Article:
The collapse of Europe has begun…
Inflation in Europe is far too high, and a recession is looming over its economy as companies and consumers face a humanitarian crisis this year and the next.
The European central banks have been raising their interest rates aggressively for the last 4 meetings, making this the highest increase in interest rates over the past 20 years.
The governing council took a decision on Thursday, the 8th of September, to raise interest rates by 75 basis point in this month and further months.
The European Central Bank’s monetary policy decisions were released minutes after the governing council meeting.
The decision has been made. However, are aggressive interest rates more likely to cause long-term damage to the region’s economy?
In this video, we will break down the reasons why and the short and long-term results of higher interest rates on the European economy.
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The average inflation rate in the Euro zone is 9.1%, and it’s expected to grow more due to the geopolitical tension between Russia and Europe.
At the same time, the consumer’s situation is getting worse, and their buying power has declined significantly.
Market experts believe that the region’s economy will crash by the end of this year due to a sharp increase in energy prices and low food supplies.
Looking back, Western sanctions against Russia prompted an aggressive response from Russia, which accounts for 60% of total European gas and energy imports.
Due to its military invasion and the sanctions that followed its action, Russia has weaponized its energy weapon.
Since then, energy prices have surged by 80%, which has affected consumer purchasing power and income.
Consumers’ purchasing power has been reduced in the last four months as a result of rising energy prices.
Experts believe that it will take the European central bank more than 2 years to tame inflation and reduce it to below 2.3%.
Inflationary pressure is at its highest level, for the first time in the past 40 years, and it’s not slowing down anytime soon.
Strategists have been forecasting that this year is very likely the worst performing year in the Euro economy since 2018.
However, after a good rebound in the second quarter, this estimation has decreased slightly.
Experts from Goldman Sachs and UBS group banks are expecting the worst and poorest return in the equity market since the last recession.
The impact of soaring prices, supply chain disruption, and a poor labor market are more likely to cause serious damage to the global economy.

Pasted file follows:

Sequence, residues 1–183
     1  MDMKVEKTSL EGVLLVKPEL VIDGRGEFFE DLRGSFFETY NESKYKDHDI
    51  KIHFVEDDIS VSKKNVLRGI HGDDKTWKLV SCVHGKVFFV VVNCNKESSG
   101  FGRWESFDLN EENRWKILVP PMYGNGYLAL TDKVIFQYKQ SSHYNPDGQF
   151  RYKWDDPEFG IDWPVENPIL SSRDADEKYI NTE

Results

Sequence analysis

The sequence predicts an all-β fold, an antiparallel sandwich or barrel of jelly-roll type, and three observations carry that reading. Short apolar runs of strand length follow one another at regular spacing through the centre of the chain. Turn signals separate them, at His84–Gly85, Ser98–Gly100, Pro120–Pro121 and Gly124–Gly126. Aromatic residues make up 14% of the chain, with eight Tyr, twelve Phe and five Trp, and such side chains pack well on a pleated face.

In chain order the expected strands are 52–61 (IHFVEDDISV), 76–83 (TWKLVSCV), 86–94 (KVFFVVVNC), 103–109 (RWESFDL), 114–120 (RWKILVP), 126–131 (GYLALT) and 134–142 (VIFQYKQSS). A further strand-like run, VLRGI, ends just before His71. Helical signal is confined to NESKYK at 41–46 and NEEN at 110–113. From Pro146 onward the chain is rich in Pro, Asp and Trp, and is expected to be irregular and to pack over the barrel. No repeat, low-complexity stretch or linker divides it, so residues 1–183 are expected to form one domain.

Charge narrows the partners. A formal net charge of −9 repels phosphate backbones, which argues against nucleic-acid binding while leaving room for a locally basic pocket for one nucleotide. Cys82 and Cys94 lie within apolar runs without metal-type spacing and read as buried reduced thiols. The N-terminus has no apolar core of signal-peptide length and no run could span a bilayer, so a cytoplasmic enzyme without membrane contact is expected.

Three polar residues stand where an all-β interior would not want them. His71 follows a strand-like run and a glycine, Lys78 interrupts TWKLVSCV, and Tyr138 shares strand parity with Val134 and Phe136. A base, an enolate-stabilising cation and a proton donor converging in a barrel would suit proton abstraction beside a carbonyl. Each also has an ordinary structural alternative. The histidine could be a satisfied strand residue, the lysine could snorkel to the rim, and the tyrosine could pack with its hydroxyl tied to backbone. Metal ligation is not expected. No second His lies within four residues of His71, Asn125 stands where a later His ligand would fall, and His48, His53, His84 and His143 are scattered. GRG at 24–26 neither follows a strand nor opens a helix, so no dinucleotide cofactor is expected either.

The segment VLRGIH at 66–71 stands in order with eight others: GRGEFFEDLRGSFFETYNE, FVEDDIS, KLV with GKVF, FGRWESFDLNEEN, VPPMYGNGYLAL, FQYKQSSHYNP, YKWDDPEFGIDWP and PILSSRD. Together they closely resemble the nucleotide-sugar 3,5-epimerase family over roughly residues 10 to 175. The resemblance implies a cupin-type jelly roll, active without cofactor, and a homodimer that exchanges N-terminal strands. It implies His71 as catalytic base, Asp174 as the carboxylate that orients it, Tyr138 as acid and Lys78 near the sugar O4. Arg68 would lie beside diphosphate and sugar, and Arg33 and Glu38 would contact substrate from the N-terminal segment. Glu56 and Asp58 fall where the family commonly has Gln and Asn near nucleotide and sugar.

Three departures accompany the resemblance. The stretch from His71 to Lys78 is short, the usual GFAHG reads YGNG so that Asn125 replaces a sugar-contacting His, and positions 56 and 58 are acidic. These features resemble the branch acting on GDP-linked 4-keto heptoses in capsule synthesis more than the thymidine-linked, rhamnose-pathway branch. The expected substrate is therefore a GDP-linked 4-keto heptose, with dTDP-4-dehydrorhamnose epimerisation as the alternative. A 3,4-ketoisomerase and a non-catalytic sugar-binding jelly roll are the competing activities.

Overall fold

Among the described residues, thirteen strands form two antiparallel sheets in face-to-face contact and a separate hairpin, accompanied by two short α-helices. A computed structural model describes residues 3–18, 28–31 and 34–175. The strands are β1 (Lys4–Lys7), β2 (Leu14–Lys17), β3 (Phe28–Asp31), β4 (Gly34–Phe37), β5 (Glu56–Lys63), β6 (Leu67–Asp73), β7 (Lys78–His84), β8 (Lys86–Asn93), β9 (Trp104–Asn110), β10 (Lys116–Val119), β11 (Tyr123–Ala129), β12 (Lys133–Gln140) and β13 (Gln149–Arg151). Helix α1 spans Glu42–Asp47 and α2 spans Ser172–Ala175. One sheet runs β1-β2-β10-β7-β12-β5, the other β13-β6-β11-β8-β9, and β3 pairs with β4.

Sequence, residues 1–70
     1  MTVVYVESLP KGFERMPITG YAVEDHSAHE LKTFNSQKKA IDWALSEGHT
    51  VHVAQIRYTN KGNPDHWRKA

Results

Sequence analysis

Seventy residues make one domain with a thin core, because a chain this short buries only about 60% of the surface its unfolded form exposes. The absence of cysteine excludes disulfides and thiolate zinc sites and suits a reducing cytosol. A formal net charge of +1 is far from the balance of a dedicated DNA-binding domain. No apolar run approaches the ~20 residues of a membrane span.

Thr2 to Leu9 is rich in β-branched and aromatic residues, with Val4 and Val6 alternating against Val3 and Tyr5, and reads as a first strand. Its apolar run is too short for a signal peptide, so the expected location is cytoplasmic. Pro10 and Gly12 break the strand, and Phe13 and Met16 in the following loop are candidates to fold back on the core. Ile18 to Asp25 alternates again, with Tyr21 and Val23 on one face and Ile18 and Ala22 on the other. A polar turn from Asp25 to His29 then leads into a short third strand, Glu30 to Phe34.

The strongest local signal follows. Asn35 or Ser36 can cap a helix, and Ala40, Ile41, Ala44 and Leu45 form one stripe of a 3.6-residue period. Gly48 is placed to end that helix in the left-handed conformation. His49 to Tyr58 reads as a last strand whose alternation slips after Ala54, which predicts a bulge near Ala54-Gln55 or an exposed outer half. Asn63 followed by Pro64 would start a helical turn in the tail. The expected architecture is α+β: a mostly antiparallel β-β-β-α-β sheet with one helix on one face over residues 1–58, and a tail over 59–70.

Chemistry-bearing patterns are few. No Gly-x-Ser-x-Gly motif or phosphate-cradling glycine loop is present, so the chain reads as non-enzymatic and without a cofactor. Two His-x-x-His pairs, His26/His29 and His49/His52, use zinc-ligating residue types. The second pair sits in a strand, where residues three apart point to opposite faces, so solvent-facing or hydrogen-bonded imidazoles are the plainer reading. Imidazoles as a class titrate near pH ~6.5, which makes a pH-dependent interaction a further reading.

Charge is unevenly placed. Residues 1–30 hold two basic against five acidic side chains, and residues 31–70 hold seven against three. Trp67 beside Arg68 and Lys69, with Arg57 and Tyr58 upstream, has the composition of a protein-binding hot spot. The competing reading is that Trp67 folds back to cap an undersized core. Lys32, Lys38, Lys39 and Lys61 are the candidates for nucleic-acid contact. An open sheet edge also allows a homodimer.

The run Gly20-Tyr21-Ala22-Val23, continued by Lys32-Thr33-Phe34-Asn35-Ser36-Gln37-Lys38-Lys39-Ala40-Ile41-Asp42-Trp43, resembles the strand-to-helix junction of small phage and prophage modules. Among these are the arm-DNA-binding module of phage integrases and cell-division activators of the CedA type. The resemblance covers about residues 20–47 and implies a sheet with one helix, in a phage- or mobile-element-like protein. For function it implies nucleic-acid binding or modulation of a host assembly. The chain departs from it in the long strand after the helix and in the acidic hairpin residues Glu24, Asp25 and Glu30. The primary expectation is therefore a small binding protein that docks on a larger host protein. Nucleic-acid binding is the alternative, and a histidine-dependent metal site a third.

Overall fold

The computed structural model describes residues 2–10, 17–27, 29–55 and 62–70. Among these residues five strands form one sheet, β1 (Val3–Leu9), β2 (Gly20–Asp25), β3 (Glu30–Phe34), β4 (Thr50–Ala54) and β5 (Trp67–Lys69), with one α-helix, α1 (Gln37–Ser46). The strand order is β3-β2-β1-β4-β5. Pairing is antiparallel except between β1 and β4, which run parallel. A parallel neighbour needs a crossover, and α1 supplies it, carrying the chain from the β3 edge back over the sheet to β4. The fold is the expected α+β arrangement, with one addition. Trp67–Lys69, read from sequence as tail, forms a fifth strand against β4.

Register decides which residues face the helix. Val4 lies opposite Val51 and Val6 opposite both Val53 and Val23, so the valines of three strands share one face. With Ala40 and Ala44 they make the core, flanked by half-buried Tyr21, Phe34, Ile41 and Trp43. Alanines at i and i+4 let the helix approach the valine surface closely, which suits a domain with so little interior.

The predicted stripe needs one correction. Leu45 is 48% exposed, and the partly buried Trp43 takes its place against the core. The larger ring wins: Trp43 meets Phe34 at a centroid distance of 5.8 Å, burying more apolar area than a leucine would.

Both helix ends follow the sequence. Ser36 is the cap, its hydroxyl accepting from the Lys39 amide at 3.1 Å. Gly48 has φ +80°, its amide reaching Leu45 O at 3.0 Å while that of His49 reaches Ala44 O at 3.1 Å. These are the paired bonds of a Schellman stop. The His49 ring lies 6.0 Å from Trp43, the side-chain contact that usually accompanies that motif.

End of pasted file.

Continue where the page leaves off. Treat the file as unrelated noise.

In Europe, the big four economic countries’ GDP growth has been forecasted, and the number has turned negative.
France, Italy, Germany, and Spain will all see a decline in their annual growth in 2023 and the first half of 2024.
England’s prime minister and health department released a troubling note about an upcoming humanitarian crisis that could lead to death in some extreme cases.
Market analysis believes that the crisis that will hit England will expand to other countries such as Germany and France.
Russia decided to cut gas supply to some countries and reduce its supply to others until they agree to its condition.
Soaring energy prices will only lead to soaring inflation rates, which will be an impossible task for European central banks to tackle.
In any case, the European central banks will keep raising their interest rates for a long period, estimated at 2 years.
The European Bank’s officials are aiming for 8.1% inflation by the end of 2022, 5.5% in 2023, and 2.3% by the end of 2024.
Between now and then, nothing can guarantee that the banks will succeed in taming inflation, especially when the market volatility is too high.
The euro has fallen to its lowest level in 20 years when compared to the US dollar.
The European currency is becoming less appealing to traders as European stocks, particularly technology stocks.
That being said, it’s more likely to see a short-term recession in 2023 for all the mentioned reasons.
However, even if the risk is high, the banks will keep raising interest rates in further meetings at aggressive rates.
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